Who they’re for: Those who don’t compromise when it comes to sound quality and are equally discriminating with the features of their earbuds.

Why we picked the Bose QuietComfort Earbuds:

In the world of audio wearables, Bose is no stranger to delivering the goods when it comes to performance and quality (which is why they’re featured twice in this roundup). We’ll be upfront with this entry: The Bose QuietComfort Earbuds are not the most comfortable set of in-ears, but if you’re looking for unbeatable noise-cancellation and sound quality, there’s no way you’ll be disappointed.

The QuietComfort buds can easily go toe-to-toe with the likes of such rivals as the Apple AirPods 2 — a go-to selection for more than just iOS devotees. Delivering some of the most discerning ANC cancellation available, the QuietComfort noise-canceling earbuds are excellent at eliminating high-frequency noise. If you’re a daily commuter that spends a lot of time around trains, traffic, and passersby, you’ll be stunned at just how much your set of Bose buds will cut down on the proliferation of street noise — making it easier for you to connect with your music or podcast.

On top of noise cancellation, the QC buds also bring exceptional and engaging sound and call quality to the table. Bass is rich and punchy, with great balance and shimmer in both the midrange and treble ranges, too. When making phone calls, your voice will sound crisp and clear to your friend on the other line, and you’ll be able to hear your buddy with just as much definition.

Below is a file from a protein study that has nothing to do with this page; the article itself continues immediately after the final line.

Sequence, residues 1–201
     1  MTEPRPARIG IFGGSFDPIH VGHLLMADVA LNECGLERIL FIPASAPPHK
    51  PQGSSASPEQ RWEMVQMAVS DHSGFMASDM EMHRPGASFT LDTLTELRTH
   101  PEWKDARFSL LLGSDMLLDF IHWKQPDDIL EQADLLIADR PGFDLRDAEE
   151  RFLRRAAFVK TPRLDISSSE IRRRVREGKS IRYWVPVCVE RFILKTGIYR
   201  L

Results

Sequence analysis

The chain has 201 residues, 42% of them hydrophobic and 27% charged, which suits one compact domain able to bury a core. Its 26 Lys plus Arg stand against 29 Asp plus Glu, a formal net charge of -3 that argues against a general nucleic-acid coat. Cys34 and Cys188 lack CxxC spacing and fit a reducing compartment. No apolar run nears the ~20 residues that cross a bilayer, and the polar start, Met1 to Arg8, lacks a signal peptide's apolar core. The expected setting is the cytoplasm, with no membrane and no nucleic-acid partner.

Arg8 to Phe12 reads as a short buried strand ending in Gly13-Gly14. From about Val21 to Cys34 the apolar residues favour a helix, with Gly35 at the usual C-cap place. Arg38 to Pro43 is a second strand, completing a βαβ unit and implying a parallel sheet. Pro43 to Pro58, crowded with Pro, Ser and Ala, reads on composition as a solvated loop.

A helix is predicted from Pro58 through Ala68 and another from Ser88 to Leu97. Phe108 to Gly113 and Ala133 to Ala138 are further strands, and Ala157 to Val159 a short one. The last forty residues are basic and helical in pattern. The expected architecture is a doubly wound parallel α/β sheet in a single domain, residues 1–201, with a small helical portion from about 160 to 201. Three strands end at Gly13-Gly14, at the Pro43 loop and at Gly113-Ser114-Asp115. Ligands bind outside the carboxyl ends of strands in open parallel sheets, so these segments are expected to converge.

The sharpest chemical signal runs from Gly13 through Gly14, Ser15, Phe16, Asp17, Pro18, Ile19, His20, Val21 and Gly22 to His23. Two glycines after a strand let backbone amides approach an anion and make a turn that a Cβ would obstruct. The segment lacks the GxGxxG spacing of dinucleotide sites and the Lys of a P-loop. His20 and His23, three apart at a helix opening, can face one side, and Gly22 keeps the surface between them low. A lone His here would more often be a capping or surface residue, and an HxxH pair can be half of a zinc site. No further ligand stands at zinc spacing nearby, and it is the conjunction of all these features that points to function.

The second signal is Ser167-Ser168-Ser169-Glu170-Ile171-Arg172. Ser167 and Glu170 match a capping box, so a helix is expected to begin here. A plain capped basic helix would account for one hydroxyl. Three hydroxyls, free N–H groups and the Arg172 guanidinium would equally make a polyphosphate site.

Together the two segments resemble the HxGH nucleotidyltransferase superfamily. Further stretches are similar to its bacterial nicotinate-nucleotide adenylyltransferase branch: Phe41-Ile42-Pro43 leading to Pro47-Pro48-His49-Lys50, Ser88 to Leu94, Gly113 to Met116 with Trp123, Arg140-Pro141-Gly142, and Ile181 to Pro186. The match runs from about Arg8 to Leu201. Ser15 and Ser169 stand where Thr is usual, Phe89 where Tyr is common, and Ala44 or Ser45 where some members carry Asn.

While the charging case isn’t the easiest accessory to carry along, you may not even need to take it with you, as the Bose QuietComfort Earbuds can last for up t0 six hours on a single charge with ANC enabled. They’re not the most stylish or cozy noise-canceling headphones on this list, but these little guys pack quite the punch in several other ways.

Read our full Bose QuietComfort Earbuds review

The best noise-canceling headphones for Apple users: Apple AirPods Max

Why you should buy them: If you’re an Apple fan, the AirPods Max deliver excellent audio quality and top-notch noise-cancellation, and they work seamlessly with all of Apple’s products.

Who they’re for: Apple users who don’t mind spending top-dollar for a top-shelf audio experience.

Why we picked the Apple AirPods Max:

Apple is on a roll when it comes to personal audio. The AirPods Pro were the surprise hit of the true wireless earbuds world when they debuted, and Apple has taken that successful formula to the next level with the AirPods Max, a stunningly beautiful — and expensive — set of over-ear ANC headphones.

Their design, with aluminum-covered earcups, a weight-distributing mesh headband, and some of the most intuitive controls we’ve ever used, is truly exceptional. We can’t say enough about the build quality, which puts most other high-end wireless cans to shame.

Sound quality is on par with the Sony WH-1000XM3, but what really blew us away was the AirPods Max’s noise-cancellation, transparency mode, and call quality — each of which is better than the Bose Noise Cancelling Headphones 700, and that’s saying something given how good the Bose are.

You could use the AirPods Max with non-Apple devices, but just like the AirPods Pro, to do so would be an unfortunate waste of the AirPods Max’s talents. They pair instantly with iPhones and Macs and can switch between these devices in a snap. The spatial audio feature is iPhone-only for now, and you can only tweak their EQ if you’re using an iOS device.

They’re not perfect — we think their heavy weight will prevent people from wanting to wear them for long listening sessions, and their included protective case has rightfully become the object of ridicule for its non-existent protection, and then, of course, there’s the price.